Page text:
Anonymous Mom is a weekly column of motherhood confessions, indiscretions, and parental shortcomings selected by Mommyish editors. Under this unanimous byline, readers can share their own stories, secrets, and moments of weakness with complete anonymity.
Every week I do some mental mathematical aerobics. What can I cut out this week so I can continue to send my daughter to her voice lessons? Her weekly lessons cost just as much as our weekly grocery bill and are just as expensive as our monthly electricity bills, and as much as a pair of good winter boots for me that would probably last a decade. At $300 a pop, I not only lie to my husband about how much her lessons cost, but I actually hide them from him too.
A friend of mine, who showed me a video of her daughter singing on her iPhone, introduced me to this singing instructor. She was unbelievable. My daughter wants to be an actress, singer, and dancer like so many other little girls. So I asked for this instructor's contact number.
“He’s a little expensive,” my friend told me. When she told me this instructor cost per hour, my jaw dropped. “But…how…who…” I stuttered. “Who can afford this?”
It turns out a lot of people can and do, including my friend who has three children, doesn’t work, and her husband, too, is known to be cheap. I wondered how she got away with these $300 a week lessons for her daughter.
“I don’t know if he’ll have any space for you,” my friend continued. “He’s constantly booked.”
Well, it turns out that he did have space for my daughter (And who wouldn’t, I figure, find the space for $300 an hour?) The time wasn’t great, as it was over dinner hour, but I would make it work.
I sat in for the first hour as this instructor taught my daughter how to sing from her stomach and open her mouth while belting out notes. I was completely impressed by the end of the hour when my daughter could sing a song from the musical Annie, and she actually sounded more than half decent. She sounded amazing. And so I was hooked. Each week, she got better and better, as my bank account dwindled and dwindled.
“That’s insane,” my husband said. “That’s absolutely absurd!”
Even the video of our daughter singing like she belonged on stage didn’t convince him that she needed these lessons or that it was well worth the money. We didn’t bicker about it because I agree that the cost is outrageous. So do the numerous other parents I see coming in and out of this instructor’s studio, who I’ve met over the last few months. And yet they continue to write out checks, or whip out a pile of bills, and beam at their singing children.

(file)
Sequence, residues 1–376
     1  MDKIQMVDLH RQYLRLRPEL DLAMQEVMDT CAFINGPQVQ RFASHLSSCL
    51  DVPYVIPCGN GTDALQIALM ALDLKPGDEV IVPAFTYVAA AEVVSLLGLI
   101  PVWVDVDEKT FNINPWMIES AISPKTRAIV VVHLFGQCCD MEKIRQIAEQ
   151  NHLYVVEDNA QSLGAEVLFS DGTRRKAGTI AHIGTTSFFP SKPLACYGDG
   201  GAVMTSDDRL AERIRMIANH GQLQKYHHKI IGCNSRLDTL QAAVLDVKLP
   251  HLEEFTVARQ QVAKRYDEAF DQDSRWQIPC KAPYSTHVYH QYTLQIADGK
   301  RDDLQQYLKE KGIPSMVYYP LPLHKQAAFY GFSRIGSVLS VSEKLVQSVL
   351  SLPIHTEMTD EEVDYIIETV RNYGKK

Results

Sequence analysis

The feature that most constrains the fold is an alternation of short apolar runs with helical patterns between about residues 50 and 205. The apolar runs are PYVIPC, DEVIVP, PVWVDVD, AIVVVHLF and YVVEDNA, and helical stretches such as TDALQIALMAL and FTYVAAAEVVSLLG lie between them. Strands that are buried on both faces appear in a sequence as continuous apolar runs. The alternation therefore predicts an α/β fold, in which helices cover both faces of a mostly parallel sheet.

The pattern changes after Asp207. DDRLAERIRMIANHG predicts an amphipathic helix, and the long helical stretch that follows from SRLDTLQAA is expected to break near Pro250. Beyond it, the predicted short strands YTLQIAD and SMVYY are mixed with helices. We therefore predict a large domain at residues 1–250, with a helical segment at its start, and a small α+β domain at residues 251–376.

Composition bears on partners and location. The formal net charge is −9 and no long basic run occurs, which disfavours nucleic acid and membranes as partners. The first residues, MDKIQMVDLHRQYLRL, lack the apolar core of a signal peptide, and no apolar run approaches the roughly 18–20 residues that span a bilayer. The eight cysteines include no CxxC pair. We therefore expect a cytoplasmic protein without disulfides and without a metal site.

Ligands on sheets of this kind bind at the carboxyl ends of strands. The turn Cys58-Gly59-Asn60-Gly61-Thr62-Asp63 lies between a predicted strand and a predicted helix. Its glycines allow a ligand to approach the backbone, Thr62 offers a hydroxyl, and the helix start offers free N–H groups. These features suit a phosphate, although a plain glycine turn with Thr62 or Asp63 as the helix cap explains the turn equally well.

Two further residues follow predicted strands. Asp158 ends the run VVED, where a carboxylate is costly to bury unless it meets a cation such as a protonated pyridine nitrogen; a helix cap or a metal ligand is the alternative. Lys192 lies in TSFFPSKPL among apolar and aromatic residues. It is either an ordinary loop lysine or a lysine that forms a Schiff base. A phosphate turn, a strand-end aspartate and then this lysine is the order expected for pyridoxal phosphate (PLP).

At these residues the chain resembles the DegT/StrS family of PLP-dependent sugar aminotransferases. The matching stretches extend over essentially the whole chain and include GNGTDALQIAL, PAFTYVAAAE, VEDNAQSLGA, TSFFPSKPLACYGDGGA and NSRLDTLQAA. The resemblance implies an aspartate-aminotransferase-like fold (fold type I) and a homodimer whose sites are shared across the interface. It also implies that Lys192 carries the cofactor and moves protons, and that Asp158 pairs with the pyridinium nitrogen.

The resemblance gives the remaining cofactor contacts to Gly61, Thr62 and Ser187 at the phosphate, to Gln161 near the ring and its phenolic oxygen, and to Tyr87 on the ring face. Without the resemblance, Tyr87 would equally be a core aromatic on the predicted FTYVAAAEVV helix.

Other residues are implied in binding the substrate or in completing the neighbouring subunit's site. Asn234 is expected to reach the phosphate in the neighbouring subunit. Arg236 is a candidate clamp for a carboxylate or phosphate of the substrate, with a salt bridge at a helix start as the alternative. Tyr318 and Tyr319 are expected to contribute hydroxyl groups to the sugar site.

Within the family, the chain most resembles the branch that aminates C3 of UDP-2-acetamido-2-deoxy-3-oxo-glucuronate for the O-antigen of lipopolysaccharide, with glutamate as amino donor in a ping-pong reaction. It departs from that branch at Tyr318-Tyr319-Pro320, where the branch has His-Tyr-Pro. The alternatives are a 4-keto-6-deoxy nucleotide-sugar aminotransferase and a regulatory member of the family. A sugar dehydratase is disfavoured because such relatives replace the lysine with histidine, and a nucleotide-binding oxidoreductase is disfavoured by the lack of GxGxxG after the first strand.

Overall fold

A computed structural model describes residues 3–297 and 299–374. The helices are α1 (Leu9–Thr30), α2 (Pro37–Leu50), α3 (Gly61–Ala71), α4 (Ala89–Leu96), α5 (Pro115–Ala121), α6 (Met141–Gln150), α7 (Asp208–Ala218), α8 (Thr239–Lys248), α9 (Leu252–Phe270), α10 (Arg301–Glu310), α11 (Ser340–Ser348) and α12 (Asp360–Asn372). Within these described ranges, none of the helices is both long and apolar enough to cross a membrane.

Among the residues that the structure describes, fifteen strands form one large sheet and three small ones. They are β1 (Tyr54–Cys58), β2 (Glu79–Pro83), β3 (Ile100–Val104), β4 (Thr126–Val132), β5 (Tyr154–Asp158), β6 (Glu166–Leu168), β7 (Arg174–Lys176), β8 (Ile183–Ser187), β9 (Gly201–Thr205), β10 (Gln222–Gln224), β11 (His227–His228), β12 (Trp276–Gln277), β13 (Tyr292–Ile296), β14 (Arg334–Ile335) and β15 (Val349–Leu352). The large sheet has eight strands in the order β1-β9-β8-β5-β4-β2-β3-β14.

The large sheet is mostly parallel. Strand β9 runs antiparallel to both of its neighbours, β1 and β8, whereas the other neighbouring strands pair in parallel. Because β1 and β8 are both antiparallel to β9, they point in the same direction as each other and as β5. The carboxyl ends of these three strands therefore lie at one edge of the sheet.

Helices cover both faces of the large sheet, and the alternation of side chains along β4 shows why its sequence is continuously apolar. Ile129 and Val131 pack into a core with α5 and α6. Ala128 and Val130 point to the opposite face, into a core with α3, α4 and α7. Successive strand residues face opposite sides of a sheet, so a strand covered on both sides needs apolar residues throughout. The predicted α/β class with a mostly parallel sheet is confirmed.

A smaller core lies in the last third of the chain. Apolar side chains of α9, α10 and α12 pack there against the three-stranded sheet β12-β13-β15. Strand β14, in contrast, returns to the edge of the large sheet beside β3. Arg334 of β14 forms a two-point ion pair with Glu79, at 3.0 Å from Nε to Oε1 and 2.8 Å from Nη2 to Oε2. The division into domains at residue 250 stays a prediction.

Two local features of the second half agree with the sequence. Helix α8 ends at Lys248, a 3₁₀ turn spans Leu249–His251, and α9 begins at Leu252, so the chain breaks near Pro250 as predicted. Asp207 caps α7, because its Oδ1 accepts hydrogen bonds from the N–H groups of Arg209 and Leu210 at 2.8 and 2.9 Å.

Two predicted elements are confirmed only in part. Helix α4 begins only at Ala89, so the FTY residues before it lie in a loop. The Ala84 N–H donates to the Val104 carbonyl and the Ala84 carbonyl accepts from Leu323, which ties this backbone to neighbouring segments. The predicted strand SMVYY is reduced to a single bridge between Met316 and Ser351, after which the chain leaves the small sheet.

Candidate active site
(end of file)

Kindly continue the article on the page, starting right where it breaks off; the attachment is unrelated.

My husband and I agreed she could have five more lessons. Since I am in charge of my daughter’s schedule and her activities, and those five lessons have long come and go, now I simply don’t tell my husband where we’re going. Or that I’m using my savings for these lessons.
I remind her, at the start of each session, that these lessons are a lot of money, so she has to get the most out of them.
I know women, who keep secret bank accounts from their husbands, or who will sneak in new jeans or outfits because they know their husband will ask, “But you already have 25 pairs of jeans. Did you really need another pair?” It’s simpler to just hide their purchases in the trunk of their car until they can sneak it in the house than it is to argue about it.
I’m not walking in with any new outfits this year. All my free money is going towards my daughter’s secret $300 an hour singing lessons.
I joked to my friend, the one who introduced me to this instructor, that I may not be able to buy groceries this week thanks to these lessons, and she said she completely understood. I asked how her husband felt about the cost and she looked at me like I was crazy.
“He doesn’t know how much they cost! He would kill me if he found out!”
And, so, I’m not alone. I’m just one of many in the chorus line of mothers using their secret lines of credits so that their children can have the best.
Send your own Anonymous Mom submission of 600-800 words to editor(AT)mommyish(dot)com.
(photo: wavebreakmedia/ Shutterstock)